4. Battles (Jan Akkerman, Peter Banks) 2:23
Love this one too. These cuts flow right into each other so it’s difficult to know where one ends and the next begins unless you’re paying attention.

5. Knights-Reprise (Peter Banks) 2:13
Steve Hackett is on this number and the “Knights Reprise” is just another piece of the suite of tracks which make up the album. Synths here too.

6.Last Eclipse (Jan Akkerman, Peter Banks) 2:28
Return to slower paces and atmospheric melodies.

Image

7. Beyond The Loneliest Sea (Jan Akkerman) 3:04
Or maybe it’s this number which fits the above description. See, that’s the thing with listening to albums on youtube, you can’t tell when one song ends and the next begins when all the tracks are linked. Sure sounds moody though.

8. Stop That! (Jan Ackerman, Peter Banks) 13:44
Pretty acoustic guitar separates this from the last one. Not to mention the length. It’s almost like all of these cuts are different sections of the same song – thus the suite description. I couldn’t find any articles on the album on wiki and was too lazy to look it up elsewhere. I’m lost actually. It would be easier to write about this music and what’s happening if I could look at the CD player and know what track is playing, alas… It’s all cut from the same cloth and seems like one long number. I’m not bored in the slightest either. Like jazz, you can put it on and concentrate on something else or pay attention to what’s going on – whatever suits you. These definitely aren't songs which would be played on the radio though. They're not compositions as such and are more like structured jams with probable embellishment.

9. Get Out Of My Fridge (Jan Akkerman, Peter Banks) 3:20
The last track isn't part of the earlier numbers. Kind've a country feel to it actually, but not in the way you'd imagine. Some more intensity and raw feeling perhaps. I like the LP, but it's not going to be for people who want songs.

All right - next time we return to 1975 and Fish Out of Water.
Last edited by Matt Wilson on 20 Jul 2021, 15:00, edited 1 time in total.

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Re: Yes

Postby C » 20 Jul 2021, 08:20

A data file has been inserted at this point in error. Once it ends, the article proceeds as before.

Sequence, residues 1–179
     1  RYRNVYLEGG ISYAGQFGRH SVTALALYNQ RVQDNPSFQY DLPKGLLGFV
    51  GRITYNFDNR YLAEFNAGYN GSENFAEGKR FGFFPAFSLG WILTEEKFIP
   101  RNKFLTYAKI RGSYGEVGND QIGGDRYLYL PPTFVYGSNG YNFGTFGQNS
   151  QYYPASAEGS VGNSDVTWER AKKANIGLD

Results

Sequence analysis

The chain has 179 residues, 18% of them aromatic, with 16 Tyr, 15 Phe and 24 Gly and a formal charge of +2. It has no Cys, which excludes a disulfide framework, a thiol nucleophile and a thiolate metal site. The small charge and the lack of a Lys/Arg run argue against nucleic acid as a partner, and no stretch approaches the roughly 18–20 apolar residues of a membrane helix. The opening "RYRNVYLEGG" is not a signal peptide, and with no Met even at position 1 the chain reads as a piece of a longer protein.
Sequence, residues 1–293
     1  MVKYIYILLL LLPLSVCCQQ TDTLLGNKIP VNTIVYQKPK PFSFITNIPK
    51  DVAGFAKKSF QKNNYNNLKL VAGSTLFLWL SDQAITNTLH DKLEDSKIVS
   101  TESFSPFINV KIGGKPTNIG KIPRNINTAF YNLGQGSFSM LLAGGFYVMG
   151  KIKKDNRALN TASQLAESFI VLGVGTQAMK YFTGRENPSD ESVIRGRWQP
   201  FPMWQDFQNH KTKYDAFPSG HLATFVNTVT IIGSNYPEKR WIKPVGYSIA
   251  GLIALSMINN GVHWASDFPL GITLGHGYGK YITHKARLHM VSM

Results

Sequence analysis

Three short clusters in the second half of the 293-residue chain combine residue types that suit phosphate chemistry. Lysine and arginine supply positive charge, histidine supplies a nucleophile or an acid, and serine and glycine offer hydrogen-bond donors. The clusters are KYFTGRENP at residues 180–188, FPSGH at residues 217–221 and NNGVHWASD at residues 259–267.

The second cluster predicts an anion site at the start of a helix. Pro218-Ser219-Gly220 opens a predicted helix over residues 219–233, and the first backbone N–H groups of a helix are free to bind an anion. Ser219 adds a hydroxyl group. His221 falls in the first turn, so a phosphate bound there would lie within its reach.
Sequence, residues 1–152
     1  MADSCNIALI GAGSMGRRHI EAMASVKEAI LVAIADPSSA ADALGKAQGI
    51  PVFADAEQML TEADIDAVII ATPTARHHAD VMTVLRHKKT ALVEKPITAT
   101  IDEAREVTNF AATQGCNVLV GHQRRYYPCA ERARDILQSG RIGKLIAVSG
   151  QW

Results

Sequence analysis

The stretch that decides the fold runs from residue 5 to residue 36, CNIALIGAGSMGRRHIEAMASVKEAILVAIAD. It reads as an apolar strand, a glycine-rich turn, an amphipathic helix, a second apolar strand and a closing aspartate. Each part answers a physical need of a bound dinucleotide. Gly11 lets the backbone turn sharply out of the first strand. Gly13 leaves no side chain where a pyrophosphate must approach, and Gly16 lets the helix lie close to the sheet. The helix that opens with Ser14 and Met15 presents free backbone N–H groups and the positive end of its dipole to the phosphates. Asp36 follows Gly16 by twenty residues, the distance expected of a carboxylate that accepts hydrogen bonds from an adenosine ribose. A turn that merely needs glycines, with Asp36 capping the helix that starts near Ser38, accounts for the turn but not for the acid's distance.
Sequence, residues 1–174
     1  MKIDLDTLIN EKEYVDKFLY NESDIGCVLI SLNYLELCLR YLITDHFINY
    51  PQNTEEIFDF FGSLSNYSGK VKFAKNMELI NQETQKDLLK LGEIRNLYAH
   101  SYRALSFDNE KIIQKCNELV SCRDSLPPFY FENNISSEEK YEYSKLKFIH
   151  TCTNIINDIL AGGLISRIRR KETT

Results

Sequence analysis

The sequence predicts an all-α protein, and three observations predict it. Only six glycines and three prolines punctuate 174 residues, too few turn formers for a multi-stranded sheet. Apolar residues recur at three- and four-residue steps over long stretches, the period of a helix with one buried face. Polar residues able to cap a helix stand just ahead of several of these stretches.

Matt Wilson wrote:Okay, some more housecleaning before I resume the thread proper with the Chris Squire album. Earlier, I mentioned I was going to look for that Peter Banks album to review, but I couldn't find it. So I'm just going to listen to it on Youtube and write something. I don't like doing this because I like to hear a CD playing on my system nice and loud when I'm deciding what to say. But I'm not about to start pulling out everything in my closets looking for that Japanese disc. I haven't the stomach for it.

Anyway, this was released in 1973 so I should have touched upon it a couple of weeks ago when I was writing about Tales from Topographic Oceans, Six Wives of Henry VIII and Yessongs. So how is Two Sides of Peter Banks? Well, I like it - otherwise I wouldn't be foisting it on this thread. As I've mentioned, I'm not the biggest fan of the first two Yes albums, but I have played them more than I have this LP. This doesn't mean that I value it any less though. Banks was no Steve Howe, but then few in the prog community of guitarists were. An instrumental record and it's stronger for it. Steve's first album had him singing - and it drags down the record's appeal.

Image


Acoustic Guitar – Jan Akkerman
Acoustic Guitar, Guitar, Synthesizer [Arp], Synthesizer [Mini-moog], Piano [Fender],
Bass Guitar – John Whetton, Ray Bennett
Drums – Mike Hough, Phil Collins
Guitar – Jan Akkerman, Steve Hackett


1. Vision Of The King (Jan Akkerman, Peter Banks) 1:25
I don't know when Peter Banks started to be called Two Sides of Peter Banks, but I guess that was the original title. My CD is called Peter Banks, but most books use the latter title. This starts off with some nice electric guitar sounds almost like Steve Howe before fading away into the next track.